The man in front of me was every pharmacist’s nightmare-or at least the type of pain in the neck we’d much rather do without.
The man in front of me was every pharmacist’s nightmare-or at least the type of pain in the neck we’d much rather do without. He had evidently had driven over 300 miles to fill a prescription for 240 tablets of oxycodone 30mg tablets.
I would like to think he had travelled from so far away because I had developed a reputation as one of the best pharmacists in California, and that it was his welcome involvement in his own treatment plan that led him to ask specifically for the “blue roxys.” But everyone reading this article knows better. The man who had been prescribed a medication appropriate for a terminal cancer patient looked physically fit enough to be a contestant in the next Ultimate Fighting Championship bout. It was obvious what was happening here. I was expected to be the “wholesaler” for this man’s drug dealing business.
One emotion ran through my mind as a looked at the prescription. Gratitude.
As I looked at the paper in front of me I was reminded of one of my most unpleasant experiences working for chain pharmacy. It involved a customer irate over being unable to refill a benzodiazepine 23 days early and a District Manager pressuring us to do just that.
The other pharmacist in our store was dependent on our employer for her visa to stay in this country, so it was I who stood up to look a firing in the face. The clash went on for days until I finally called the customer myself to diffuse the situation.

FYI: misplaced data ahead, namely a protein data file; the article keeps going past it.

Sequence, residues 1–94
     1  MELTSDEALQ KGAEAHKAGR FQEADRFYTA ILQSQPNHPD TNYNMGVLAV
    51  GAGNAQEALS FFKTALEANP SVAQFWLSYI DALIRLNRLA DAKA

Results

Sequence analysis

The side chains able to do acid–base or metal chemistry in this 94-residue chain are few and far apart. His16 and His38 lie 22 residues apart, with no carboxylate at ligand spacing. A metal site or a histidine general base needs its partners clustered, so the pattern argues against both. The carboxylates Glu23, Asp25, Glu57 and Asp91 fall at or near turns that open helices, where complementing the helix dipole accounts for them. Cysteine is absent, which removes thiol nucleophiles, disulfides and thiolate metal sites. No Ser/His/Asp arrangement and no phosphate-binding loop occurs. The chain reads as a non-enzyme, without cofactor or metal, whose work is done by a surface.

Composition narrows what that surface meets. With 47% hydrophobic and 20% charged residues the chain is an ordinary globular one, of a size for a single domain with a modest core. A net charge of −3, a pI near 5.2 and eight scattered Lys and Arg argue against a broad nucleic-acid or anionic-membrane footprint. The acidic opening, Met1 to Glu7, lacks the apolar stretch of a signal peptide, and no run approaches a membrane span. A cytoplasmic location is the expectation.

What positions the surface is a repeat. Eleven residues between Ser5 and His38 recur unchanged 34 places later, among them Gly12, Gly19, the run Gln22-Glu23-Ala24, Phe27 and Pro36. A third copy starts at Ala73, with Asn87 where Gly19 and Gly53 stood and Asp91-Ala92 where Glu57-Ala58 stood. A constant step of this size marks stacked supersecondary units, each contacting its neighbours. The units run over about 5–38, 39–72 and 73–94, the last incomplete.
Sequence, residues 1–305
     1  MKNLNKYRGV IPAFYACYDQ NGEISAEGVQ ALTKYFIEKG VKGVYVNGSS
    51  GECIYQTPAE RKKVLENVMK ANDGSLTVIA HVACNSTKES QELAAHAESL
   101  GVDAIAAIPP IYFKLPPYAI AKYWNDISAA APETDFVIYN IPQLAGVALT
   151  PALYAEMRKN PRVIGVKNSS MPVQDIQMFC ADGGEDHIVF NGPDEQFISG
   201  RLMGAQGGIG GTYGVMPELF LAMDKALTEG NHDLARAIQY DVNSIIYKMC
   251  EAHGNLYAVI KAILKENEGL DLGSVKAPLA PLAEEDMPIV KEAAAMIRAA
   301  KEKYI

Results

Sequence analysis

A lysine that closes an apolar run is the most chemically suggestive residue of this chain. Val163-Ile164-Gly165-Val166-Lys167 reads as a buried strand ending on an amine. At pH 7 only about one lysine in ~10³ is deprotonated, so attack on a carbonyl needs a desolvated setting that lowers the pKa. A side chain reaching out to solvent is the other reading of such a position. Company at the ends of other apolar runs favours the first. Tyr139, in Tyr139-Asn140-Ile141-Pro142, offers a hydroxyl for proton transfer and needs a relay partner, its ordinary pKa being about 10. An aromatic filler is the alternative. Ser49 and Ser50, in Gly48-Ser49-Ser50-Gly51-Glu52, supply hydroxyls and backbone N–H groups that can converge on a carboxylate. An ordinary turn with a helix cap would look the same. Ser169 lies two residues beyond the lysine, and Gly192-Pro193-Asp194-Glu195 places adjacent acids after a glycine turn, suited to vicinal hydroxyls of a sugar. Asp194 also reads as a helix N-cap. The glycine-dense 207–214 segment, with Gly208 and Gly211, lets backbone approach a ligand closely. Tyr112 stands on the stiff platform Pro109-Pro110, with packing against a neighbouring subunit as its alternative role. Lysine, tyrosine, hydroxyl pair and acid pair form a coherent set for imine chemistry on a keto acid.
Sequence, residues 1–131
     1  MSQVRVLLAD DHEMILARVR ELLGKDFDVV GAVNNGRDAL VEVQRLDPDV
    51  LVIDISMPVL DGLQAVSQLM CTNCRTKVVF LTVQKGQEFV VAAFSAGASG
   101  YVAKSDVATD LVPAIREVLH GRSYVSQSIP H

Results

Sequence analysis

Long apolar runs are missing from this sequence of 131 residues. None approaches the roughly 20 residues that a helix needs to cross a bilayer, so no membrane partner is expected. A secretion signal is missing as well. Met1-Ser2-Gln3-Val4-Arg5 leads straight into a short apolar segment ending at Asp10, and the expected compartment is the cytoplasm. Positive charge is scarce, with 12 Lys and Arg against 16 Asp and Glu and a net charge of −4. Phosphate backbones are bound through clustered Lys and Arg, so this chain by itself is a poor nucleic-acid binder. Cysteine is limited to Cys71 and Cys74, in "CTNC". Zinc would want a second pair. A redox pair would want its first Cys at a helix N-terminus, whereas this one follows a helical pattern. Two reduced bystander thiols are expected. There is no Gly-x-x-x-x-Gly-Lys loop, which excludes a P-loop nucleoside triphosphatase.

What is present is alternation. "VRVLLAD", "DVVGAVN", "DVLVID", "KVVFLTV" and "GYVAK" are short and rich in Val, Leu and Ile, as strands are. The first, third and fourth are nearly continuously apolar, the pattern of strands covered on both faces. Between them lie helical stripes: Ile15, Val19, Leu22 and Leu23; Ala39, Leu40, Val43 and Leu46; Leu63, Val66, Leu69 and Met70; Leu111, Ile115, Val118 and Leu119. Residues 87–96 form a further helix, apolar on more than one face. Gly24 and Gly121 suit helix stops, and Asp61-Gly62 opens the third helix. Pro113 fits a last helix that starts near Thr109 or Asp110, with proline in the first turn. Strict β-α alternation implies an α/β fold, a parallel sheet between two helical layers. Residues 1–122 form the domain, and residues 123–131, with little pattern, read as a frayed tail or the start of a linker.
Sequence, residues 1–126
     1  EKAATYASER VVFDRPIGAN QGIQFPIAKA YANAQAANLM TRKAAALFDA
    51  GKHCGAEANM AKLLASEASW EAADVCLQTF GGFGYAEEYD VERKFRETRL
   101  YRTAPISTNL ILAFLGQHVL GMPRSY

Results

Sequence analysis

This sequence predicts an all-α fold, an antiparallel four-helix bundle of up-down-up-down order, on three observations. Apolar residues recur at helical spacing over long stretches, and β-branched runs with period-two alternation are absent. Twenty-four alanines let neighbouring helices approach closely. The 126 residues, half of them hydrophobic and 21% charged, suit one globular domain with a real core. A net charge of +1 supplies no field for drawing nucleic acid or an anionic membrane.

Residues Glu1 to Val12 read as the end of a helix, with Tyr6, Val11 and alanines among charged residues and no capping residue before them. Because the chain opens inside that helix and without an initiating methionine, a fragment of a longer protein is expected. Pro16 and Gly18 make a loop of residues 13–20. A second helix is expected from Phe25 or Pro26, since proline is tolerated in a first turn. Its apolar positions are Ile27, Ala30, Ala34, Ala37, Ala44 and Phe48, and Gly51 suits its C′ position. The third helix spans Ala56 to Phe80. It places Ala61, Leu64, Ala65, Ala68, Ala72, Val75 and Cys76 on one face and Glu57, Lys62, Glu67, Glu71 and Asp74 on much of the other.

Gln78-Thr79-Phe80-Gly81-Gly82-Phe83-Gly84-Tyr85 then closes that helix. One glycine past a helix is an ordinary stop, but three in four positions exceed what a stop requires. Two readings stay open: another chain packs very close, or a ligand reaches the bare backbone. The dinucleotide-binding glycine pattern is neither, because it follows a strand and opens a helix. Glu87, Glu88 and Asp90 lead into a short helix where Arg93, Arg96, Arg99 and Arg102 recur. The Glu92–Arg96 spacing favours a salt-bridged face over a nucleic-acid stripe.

“She was much more reasonable about this than you were,” I told our District Manager after that phone call. The District Manager really . . . really, did not like hearing that.
I won that clash, but looking back on my quality of life since I left the Chain world, I can honestly say now I wish I’d left years before I did. I once held off on filling a doxycycline prescription for a 10-year-old boy until I could talk to the prescriber, and was rewarded for my concern for the child’s safety when the mother filed a complaint that the prescription wasn’t ready in the 15 minutes the company was promising at the time. The boy got a different prescription for something that wouldn’t permanently discolor his teeth and his mother got a gift card for her next shopping trip.
I could go on, and I bet a few of you could as well. Sometimes in pharmacy the right decision is to tell the customer no. But when those difficult moments came, I rarely if ever felt that my employer had my back.
Which was why it was thankfulness that was going through my brain as I handed the prescription back to the man who had traveled so far to see me and told him, “I’m going to respect you enough to tell you the truth. This prescription hits every single red flag of someone who’s dealing.
Now I don’t know if you are or not, and I don’t care, but if someone came in here from the State Board or the DEA and asked me why I filled this, I’d be hard pressed to give them a reason why.”
The man growled something and made his way back to the parking lot, and I went back to work, knowing I was able to fulfill my professional responsibilities and that the chances of having to explain myself to a corporate higher up were zero.
Yes, Thanksgiving definitely came a little early this year.
Of course it’s been a few years since I left the chains, and awareness of the nation’s problem with the misuse of prescription narcotics has grown tremendously. It’s possible things are different now. Are they? I’d love to hear your experiences about this.
David Stanley is a pharmacy owner, blogger, and professional writer in northern California. To contact him, firstname.lastname@example.org.